In a number of previous posts I’ve been discussing “in-game economics”, using ideas from economics to gain further insight into what makes board-games “tick”.
In this post I’ll delve into the idea of “scarcity” (of in-game resources) and what this means for your games.
Quick recap: Value
In this post I wrote about the value of in-game resources. The basic idea was that the value of a resource (for more on in-game resources, please read this post) could be expressed in how much it helps a player to win the game. Especially when “winning” is based on a numerical value (e.g. “victory points”) this can give a common “currency” in which the value of all resources can be expressed.
If all resources are plentiful, this idea works marvels. But what if resources are not plentiful?
An example of scarcity
Imagine a game of Catan in which the sixes and eights are on forests, while meadows have only the 2, 12, 3s and 11s. There most likely will be a great surplus of wood, while sheep will be in very short supply.
In a “normal” game of Catan, all resources are give-or-take equally important and thus equally valuable. Sure, sometimes someone is willing to give two wood for one brick, but it’s quite rare to see someone offering three resources to get one (this is usually a sign that someone is just about to win).
When there are however almost no sheep to be had, they suddenly become much more valuable; three resources would be the minimum you could expect to trade for a single sheep.
Scarcity and options
As discussed in this post on resources, a resource is an option. It can be used to change the state of the game (hopefully in such a way to make winning more likely).
There are however no games where a single resource suffices: You always need a combination; a wood, sheep, brick and grain to build a village in Catan, while in Citadels you need a card, money and your turn (don’t get murdered!) to construct a new building.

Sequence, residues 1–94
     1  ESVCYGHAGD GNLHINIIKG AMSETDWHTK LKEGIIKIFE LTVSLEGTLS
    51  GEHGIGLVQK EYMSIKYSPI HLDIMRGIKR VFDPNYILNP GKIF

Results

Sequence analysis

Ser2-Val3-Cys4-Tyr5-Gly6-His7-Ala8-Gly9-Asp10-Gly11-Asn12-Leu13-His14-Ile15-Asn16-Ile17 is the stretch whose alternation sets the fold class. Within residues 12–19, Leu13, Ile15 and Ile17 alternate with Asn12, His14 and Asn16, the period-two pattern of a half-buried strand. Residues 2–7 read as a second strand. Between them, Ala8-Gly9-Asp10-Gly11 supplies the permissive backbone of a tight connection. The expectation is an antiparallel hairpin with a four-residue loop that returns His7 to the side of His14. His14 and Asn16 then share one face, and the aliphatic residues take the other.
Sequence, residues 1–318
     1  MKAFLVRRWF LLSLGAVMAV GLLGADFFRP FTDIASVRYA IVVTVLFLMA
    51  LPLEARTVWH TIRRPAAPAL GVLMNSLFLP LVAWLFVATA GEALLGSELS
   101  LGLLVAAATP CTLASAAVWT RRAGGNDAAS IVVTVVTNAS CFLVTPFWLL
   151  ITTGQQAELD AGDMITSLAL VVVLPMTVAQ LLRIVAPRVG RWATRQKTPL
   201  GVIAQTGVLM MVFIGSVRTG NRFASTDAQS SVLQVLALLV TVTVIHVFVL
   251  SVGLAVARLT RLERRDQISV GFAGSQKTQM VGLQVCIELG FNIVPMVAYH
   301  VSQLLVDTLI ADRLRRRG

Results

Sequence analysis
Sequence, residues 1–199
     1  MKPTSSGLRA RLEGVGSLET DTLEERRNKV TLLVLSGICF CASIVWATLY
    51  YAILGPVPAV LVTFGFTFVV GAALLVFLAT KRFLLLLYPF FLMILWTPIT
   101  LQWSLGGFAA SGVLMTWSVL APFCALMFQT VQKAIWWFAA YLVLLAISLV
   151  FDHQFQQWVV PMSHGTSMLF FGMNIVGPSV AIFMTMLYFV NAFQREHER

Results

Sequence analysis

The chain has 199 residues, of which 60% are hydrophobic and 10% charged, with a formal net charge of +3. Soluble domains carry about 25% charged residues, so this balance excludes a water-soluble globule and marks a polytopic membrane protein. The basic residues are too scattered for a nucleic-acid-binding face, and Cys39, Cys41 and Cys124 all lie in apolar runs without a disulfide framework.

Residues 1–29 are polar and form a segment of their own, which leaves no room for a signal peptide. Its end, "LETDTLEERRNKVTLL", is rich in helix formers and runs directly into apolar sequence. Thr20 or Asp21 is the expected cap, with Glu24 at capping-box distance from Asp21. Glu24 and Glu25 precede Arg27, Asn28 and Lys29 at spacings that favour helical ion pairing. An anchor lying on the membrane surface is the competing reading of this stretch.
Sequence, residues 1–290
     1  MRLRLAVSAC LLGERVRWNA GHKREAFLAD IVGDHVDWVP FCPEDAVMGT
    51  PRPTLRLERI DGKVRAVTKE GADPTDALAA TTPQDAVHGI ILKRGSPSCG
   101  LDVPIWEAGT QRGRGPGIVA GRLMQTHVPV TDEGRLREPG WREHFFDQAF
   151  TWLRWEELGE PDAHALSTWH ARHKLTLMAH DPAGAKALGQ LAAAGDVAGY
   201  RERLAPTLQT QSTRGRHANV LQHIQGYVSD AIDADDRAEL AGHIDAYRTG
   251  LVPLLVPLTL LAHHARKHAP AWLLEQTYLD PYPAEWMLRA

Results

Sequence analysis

If you’re missing one necessary resource you can’t execute your plan!
Thus, if a resource is scarce, it acts as a sort of “gatekeeper”: This is the resource you need so that you can actually execute your option of spending all the rest (which are more plentiful).
Scarcity and value
We’re (still) playing Catan. You have a grain, wood and brick. You’ve got the space to build a village. How much would a sheep be worth?
The naïve approach would be to say it’s 1/4th of a victory point; a village is 1 point, it requires 4 resources which are (more-or-less) equally valuable. Sheep is one of them, so for you, right now, it’s 1/4th.
Except that if you don’t get that sheep, you can’t build your village! Instead you could build another road (which isn’t useless, but certainly not worth 1 victory point. Let’s say it’s worth 0.25 victory points instead). Or you could trade some of your resources for other ones (though you still wouldn’t be able to do anything useful with them right now). So that sheep would be the difference between building something of value 0.25 and 1. It’s therefore not unreasonable to say that (right now) the value of a sheep is 0.75 victory points to you! (This is a simplification for sure, I’m ignoring the grain that is “left” if you build a road, the fact that you might get a sheep next turn, as well as the “future value” of generating more resources through your village (for more on the last, take a look at this post on the time-value of resources)).